THE BANGKO SENTRAL ng Pilipinas (BSP) will likely be among Asia-Pacific central banks that will significantly tighten monetary policy this year in order to safeguard the economy from external risks, according to S&P Global Ratings.
“While it is hard to predict when the BSP will start to raise rates, we expect them to go up by 50 basis points (bps) this year, with more to come in the coming years and a total of 150 bps through end 2024,” Louis Kuijs, Asia-Pacific chief economist at S&P Global Ratings, said in an e-mail to BusinessWorld.
In its March 24 review, the Monetary Board kept rates steady at 2%, citing the need to support economic recovery while it gains traction.
This accommodative stance was extended even as the BSP raised its inflation outlook this year to 4.3%, reflecting the impact of the Russia-Ukraine war on oil and commodity prices.
In a note titled “Interest Rates to Rise Across Asia-Pacific” published on Tuesday, S&P classified the Philippines, Hong Kong, New Zealand, Singapore, South Korea, and Thailand as central banks that are expected to significantly tighten policy in 2022.
The report said that emerging markets will face generally lesser external vulnerabilities, but warned of new risks caused by rising energy prices and global monetary policy tightening.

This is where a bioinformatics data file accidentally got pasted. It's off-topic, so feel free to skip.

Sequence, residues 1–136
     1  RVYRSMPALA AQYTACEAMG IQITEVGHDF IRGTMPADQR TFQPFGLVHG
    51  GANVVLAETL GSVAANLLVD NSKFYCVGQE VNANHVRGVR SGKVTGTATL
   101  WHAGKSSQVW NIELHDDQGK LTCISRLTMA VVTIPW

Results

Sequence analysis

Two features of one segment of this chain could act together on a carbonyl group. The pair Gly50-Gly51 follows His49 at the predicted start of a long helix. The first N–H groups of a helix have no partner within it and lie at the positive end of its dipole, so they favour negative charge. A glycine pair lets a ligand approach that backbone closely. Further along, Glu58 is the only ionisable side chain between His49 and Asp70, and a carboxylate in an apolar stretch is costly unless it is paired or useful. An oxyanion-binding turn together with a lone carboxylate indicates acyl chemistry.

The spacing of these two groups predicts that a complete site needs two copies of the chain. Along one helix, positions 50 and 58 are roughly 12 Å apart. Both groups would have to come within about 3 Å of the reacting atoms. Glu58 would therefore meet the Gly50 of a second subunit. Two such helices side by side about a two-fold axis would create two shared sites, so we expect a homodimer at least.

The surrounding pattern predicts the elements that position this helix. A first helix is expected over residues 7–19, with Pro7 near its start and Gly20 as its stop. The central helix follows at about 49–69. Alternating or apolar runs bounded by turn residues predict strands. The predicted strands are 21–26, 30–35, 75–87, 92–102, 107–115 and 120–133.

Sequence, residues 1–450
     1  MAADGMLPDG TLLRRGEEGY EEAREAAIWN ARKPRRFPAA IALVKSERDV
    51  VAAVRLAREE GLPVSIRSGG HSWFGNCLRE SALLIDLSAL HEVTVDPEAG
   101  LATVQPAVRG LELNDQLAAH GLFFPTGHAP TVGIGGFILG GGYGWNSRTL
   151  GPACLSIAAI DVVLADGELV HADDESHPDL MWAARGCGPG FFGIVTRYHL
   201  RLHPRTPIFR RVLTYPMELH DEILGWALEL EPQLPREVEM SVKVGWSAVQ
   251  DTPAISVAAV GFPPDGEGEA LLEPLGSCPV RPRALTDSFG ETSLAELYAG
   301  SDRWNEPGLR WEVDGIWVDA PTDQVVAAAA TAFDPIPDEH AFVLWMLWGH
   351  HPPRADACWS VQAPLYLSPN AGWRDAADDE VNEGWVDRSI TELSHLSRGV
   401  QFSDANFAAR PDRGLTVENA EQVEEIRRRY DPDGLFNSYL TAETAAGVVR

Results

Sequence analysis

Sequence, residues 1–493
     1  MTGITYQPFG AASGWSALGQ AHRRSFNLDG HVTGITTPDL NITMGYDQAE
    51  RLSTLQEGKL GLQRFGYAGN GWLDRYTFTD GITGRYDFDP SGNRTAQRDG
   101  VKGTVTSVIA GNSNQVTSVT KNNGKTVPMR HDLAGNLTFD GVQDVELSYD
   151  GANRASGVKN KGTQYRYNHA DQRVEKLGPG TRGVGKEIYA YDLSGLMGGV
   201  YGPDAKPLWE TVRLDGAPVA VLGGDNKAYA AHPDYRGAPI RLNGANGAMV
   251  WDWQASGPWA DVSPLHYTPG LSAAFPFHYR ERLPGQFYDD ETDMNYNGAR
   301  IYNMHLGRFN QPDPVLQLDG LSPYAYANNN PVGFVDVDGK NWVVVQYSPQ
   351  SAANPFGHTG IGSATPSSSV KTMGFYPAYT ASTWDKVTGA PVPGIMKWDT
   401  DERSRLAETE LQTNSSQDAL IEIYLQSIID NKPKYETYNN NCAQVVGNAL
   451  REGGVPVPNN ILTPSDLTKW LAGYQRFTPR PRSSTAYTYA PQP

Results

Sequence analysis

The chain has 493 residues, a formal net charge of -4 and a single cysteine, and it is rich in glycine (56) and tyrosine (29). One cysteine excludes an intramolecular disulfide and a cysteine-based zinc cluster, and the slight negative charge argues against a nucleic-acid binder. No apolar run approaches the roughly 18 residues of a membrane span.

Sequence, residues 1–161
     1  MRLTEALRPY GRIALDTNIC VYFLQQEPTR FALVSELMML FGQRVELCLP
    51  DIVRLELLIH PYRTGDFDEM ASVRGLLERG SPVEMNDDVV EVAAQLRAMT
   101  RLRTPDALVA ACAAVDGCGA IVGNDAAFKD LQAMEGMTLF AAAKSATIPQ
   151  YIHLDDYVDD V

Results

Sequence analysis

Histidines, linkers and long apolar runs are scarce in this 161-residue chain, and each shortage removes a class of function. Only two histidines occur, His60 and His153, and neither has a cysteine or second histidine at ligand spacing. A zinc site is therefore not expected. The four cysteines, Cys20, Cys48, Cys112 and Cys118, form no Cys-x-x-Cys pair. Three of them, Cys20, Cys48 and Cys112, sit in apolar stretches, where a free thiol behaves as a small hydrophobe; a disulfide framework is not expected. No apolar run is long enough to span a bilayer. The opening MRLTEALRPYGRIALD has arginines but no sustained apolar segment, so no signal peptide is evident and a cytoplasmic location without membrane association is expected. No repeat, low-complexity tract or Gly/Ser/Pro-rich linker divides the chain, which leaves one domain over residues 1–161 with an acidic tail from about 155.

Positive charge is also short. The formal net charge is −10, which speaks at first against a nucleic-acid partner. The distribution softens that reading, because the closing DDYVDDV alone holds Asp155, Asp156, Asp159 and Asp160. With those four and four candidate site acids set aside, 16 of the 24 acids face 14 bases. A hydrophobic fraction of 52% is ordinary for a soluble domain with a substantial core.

“With the Philippines’ current account balance coming down significantly this year, we think the country will be among the Asian emerging market economies that will be relatively exposed to the risk of capital outflows as the US Fed hikes interest rates,” Mr. Kuijs said.
The US Federal Reserve last month started to increase interest rates by a quarter percentage point in order to tame the decades-high inflation.
BSP Governor Benjamin E. Diokno has said they do not necessarily need to move in lockstep with the Fed as they will only consider external developments to the extent that it could affect local inflation and growth outlook. He also said the economy has a strong external position to safeguard against the impact of global monetary policy tightening.
Prior to the war in Ukraine, raw commodities and rising energy costs have already driven up producer prices, S&P said.
Russia is the world’s second-largest crude oil exporter, while Ukraine is a major source of wheat.
“The Russia-Ukraine conflict will amplify this trend. Sharp cost increases for energy and other raw commodities will drive up inflationary pressures,” it said.
In March, inflation in the Philippines accelerated to 4% from 3% in February, as commodity prices soared due to the Russia-Ukraine war.
Mr. Diokno on Tuesday said inflation may breach the BSP’s 2-4% target band by the second half of the year before eventually slowing down in the first quarter of 2023. The central bank said non-monetary measures will better respond to supply shocks caused by the war, but assured they will be ready to preemptively respond if inflationary expectations become “disanchored.”
The BSP governor has said they are still keen to start adjusting interest rates higher by the second half of the year, when they expect the economy will have likely returned to its pre-pandemic level.
The Monetary Board will have its next policy meeting on May 19. Its first review in the second half of 2022 is on Aug. 18. — Luz Wendy T. Noble